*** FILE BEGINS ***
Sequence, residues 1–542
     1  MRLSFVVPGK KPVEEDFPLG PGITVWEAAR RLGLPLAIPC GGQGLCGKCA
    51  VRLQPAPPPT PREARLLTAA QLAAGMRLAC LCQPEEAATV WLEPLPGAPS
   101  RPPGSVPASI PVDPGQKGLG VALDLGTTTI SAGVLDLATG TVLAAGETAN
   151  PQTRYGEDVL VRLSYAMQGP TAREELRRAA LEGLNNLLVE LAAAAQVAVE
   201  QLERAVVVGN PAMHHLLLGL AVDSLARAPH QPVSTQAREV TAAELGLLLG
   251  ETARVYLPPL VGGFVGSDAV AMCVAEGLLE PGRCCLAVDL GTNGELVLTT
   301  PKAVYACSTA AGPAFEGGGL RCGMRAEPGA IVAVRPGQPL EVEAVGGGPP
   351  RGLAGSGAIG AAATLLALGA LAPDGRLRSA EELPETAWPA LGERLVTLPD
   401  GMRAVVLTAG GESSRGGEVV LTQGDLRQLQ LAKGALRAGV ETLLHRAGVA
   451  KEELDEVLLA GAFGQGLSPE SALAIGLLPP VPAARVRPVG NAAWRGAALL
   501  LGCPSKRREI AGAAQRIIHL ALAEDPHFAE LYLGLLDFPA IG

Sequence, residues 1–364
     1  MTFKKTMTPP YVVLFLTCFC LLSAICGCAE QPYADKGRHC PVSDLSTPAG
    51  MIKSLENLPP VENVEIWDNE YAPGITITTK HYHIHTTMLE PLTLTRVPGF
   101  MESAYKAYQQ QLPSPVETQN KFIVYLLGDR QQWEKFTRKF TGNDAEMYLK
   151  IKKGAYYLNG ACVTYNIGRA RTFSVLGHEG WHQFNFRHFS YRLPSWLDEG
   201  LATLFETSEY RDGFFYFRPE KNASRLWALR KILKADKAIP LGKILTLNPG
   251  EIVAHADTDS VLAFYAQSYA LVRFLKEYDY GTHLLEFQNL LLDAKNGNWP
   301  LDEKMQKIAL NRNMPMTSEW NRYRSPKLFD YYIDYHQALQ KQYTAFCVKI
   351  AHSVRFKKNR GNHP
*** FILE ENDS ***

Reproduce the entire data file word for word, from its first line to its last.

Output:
Sequence, residues 1–542
     1  MRLSFVVPGK KPVEEDFPLG PGITVWEAAR RLGLPLAIPC GGQGLCGKCA
    51  VRLQPAPPPT PREARLLTAA QLAAGMRLAC LCQPEEAATV WLEPLPGAPS
   101  RPPGSVPASI PVDPGQKGLG VALDLGTTTI SAGVLDLATG TVLAAGETAN
   151  PQTRYGEDVL VRLSYAMQGP TAREELRRAA LEGLNNLLVE LAAAAQVAVE
   201  QLERAVVVGN PAMHHLLLGL AVDSLARAPH QPVSTQAREV TAAELGLLLG
   251  ETARVYLPPL VGGFVGSDAV AMCVAEGLLE PGRCCLAVDL GTNGELVLTT
   301  PKAVYACSTA AGPAFEGGGL RCGMRAEPGA IVAVRPGQPL EVEAVGGGPP
   351  RGLAGSGAIG AAATLLALGA LAPDGRLRSA EELPETAWPA LGERLVTLPD
   401  GMRAVVLTAG GESSRGGEVV LTQGDLRQLQ LAKGALRAGV ETLLHRAGVA
   451  KEELDEVLLA GAFGQGLSPE SALAIGLLPP VPAARVRPVG NAAWRGAALL
   501  LGCPSKRREI AGAAQRIIHL ALAEDPHFAE LYLGLLDFPA IG

Sequence, residues 1–364
     1  MTFKKTMTPP YVVLFLTCFC LLSAICGCAE QPYADKGRHC PVSDLSTPAG
    51  MIKSLENLPP VENVEIWDNE YAPGITITTK HYHIHTTMLE PLTLTRVPGF
   101  MESAYKAYQQ QLPSPVETQN KFIVYLLGDR QQWEKFTRKF TGNDAEMYLK
   151  IKKGAYYLNG ACVTYNIGRA RTFSVLGHEG WHQFNFRHFS YRLPSWLDEG
   201  LATLFETSEY RDGFFYFRPE KNASRLWALR KILKADKAIP LGKILTLNPG
   251  EIVAHADTDS VLAFYAQSYA LVRFLKEYDY GTHLLEFQNL LLDAKNGNWP
   301  LDEKMQKIAL NRNMPMTSEW NRYRSPKLFD YYIDYHQALQ KQYTAFCVKI
   351  AHSVRFKKNR GNHP